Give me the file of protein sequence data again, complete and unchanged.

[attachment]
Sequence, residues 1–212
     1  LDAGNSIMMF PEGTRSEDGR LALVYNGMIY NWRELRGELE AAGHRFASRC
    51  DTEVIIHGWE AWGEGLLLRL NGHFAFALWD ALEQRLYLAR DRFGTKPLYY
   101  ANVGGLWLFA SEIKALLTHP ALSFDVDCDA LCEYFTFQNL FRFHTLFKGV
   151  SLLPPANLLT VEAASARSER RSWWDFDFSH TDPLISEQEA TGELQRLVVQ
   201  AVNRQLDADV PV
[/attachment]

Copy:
Sequence, residues 1–212
     1  LDAGNSIMMF PEGTRSEDGR LALVYNGMIY NWRELRGELE AAGHRFASRC
    51  DTEVIIHGWE AWGEGLLLRL NGHFAFALWD ALEQRLYLAR DRFGTKPLYY
   101  ANVGGLWLFA SEIKALLTHP ALSFDVDCDA LCEYFTFQNL FRFHTLFKGV
   151  SLLPPANLLT VEAASARSER RSWWDFDFSH TDPLISEQEA TGELQRLVVQ
   201  AVNRQLDADV PV